Kevin Johnson recalls some of his most cherished moments

Driving the (Memory) Lane

By Joe Gilmartin

Posted: March 5, 2001

When Kevin Johnson is officially inducted into the Suns' Ring Of Honor on Wednesday, appropriately enough on a night the Suns are playing the Sacramento Kings (KJ was born and raised in Sacramento), he'll take a lot of memories up to the America West Arena with him. And he remembers every detail of every single one.

In fact, the Suns' all-time leader in regular season assists, and just about every postseason category, sounded almost insulted when asked if he remembers exactly when he first got word he'd been traded from Cleveland to Phoenix along with teammates Mark West and Tyrone Corbin and three draft picks for Larry Nance, Mike Sanders, and one draft pick.

"Of course I do," he said. "I remember it like it was yesterday. We had played in Dallas the night before coming here. And what I called the 'scrub team,' meaning myself, Tyrone and Mark, had all played very well in that game. We had come in with our team down and led it to victory, and even played in the fourth quarter, which didn't happen very often with guys like Mike Price and Ron Harper around.

"So I was excited. I'm thinking, 'Now I'm finally going to get some good minutes,' and we're playing in Phoenix, where I'm very familiar with ASU. But just before it was time to go down and catch the bus to the arena the phone rang in my room, and it was Lenny Wilkens. 'I want to let you know you've been traded,' he told me."

KJ said he was totally stunned.

"The trading deadline was that day," he said, "and my name hadn't been mentioned in any trade rumors at all. So I didn't expect anything like this to happen. And I remember having two feelings. The first was anger and I was going to make Cleveland pay. That was just my competitive nature coming out. And the other was that I was coming out West, where the weather was great and I'd be on familiar turf. And I knew I was going to get a chance to play, because I knew the state of the Suns organization. So now I was very excited. Then I asked Lenny who else had been traded, and when he said Tyrone and Mark I felt even better because I wouldn't be going by myself."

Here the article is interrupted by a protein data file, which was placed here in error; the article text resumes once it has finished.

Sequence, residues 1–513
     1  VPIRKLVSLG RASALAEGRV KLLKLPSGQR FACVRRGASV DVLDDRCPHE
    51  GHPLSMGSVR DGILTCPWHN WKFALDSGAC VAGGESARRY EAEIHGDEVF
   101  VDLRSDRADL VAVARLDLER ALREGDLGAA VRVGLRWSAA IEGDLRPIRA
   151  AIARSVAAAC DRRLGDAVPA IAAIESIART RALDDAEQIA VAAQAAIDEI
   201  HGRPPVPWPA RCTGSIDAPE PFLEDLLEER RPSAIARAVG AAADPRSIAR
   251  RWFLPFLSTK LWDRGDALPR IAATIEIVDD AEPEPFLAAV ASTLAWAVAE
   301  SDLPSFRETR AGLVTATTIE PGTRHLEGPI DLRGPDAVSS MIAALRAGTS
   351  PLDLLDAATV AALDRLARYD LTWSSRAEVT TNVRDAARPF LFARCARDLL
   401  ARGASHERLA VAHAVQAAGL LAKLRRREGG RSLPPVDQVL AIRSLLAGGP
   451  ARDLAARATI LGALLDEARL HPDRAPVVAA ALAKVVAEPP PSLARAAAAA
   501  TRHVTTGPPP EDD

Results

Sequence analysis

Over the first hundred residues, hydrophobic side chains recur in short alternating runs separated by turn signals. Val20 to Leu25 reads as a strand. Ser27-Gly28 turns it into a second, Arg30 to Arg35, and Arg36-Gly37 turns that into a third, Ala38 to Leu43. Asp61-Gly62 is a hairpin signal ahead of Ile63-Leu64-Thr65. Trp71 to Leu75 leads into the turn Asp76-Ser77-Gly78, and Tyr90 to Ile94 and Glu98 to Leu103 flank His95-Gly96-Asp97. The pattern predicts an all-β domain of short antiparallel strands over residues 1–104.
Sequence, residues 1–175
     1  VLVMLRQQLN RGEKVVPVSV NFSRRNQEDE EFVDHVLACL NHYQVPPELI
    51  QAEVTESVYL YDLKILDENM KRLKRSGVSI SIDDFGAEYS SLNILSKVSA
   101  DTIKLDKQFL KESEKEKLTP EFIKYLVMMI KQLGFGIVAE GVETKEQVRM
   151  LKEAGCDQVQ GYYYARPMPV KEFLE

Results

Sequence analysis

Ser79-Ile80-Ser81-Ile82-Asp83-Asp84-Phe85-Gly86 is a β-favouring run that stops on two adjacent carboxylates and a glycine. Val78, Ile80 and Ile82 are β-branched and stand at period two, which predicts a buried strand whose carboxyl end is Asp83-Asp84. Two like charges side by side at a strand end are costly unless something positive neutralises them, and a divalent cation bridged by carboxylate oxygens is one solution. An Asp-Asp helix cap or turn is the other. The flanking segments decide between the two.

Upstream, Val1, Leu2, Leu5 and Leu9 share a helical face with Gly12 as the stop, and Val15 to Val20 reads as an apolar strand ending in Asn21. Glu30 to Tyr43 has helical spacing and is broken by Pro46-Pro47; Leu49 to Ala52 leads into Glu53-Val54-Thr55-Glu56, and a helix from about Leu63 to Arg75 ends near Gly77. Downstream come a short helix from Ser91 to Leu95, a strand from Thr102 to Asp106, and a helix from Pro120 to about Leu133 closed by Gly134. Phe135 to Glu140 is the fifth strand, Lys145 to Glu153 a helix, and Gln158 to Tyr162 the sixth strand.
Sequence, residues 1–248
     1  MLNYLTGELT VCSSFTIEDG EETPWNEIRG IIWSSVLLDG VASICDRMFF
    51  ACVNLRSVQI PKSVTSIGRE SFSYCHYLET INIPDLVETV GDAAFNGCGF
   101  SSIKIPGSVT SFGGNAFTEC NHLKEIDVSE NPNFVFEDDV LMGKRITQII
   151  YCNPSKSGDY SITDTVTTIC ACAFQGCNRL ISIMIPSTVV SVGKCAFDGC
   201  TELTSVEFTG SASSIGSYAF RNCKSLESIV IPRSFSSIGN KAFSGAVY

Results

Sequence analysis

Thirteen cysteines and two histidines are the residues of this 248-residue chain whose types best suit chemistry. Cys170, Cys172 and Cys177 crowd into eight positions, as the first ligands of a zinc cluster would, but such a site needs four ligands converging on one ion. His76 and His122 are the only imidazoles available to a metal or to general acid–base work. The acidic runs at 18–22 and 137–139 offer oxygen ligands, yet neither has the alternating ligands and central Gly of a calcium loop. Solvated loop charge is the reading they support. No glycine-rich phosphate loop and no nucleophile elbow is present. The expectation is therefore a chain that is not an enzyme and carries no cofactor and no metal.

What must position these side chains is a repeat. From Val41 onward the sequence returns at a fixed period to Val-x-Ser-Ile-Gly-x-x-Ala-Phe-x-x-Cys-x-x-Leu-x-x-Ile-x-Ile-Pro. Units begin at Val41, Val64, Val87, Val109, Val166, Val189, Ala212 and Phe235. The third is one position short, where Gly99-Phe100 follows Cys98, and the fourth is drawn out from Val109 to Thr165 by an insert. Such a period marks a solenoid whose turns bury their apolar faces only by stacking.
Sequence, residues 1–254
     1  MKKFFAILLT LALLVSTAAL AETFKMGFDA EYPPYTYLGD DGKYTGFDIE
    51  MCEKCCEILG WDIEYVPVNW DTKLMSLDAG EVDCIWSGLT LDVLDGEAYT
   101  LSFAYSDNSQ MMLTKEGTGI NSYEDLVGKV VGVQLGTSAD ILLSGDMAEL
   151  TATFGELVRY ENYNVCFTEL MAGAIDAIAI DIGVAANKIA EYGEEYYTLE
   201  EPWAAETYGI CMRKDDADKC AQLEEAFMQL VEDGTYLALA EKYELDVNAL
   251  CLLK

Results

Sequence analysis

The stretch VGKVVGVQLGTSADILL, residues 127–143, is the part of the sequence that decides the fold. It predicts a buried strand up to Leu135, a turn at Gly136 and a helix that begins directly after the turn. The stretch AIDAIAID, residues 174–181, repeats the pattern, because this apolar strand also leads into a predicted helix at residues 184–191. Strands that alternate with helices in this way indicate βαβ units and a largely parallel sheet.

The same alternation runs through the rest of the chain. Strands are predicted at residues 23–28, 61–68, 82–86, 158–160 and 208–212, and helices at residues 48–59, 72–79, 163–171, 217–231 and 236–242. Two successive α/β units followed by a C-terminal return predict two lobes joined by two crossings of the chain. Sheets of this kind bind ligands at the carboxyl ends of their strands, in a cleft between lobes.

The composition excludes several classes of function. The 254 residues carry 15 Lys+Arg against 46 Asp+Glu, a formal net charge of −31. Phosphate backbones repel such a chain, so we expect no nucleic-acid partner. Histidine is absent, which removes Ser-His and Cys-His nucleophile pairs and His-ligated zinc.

About an hour later KJ's phone rang again. Cotton Fitzsimmons, the Suns' once and future coach but then the team's general manager, was on the other end.

"Kevin,' he said, (you had to be there to appreciate KJ's spot on imitation of Cotton's unmistakable small town Missouri twang), 'I want you to know everything's going to be just fine. I have the utmost confidence in all three of you, but I want you to know we wouldn't have made the deal without you because we think you're the future.'

"I remember trying to place Cotton exactly, and thinking, 'Oh yeah. The guy with the little perm that used to coach the Spurs.'"

KJ also remembers initial reaction to his arrival wasn't exactly positive.

"We had a press conference at the arena," he recalled, "and the fans were unhappy, and a lot of the media seemed upset. Everybody really liked Larry, and it was like everybody was saying, 'Three unknowns for Larry?'

"So we went up to the rafters and watched the game. (No, not the same rafters where his banner will soon be hanging. These rafters were in the old Madhouse on McDowell). It was very boring, because I think each team only had like eight guys dressed. Mark and Tyrone were really hurt because a lot of their best friends were in Cleveland, but I hadn't been there long enough for anything like that.

"So we go back to the hotel, and they're drinking their sorrows away. And I'm saying, 'No, you don't understand. This is going to be great!' And they're going, 'Get outta here, rookie.'"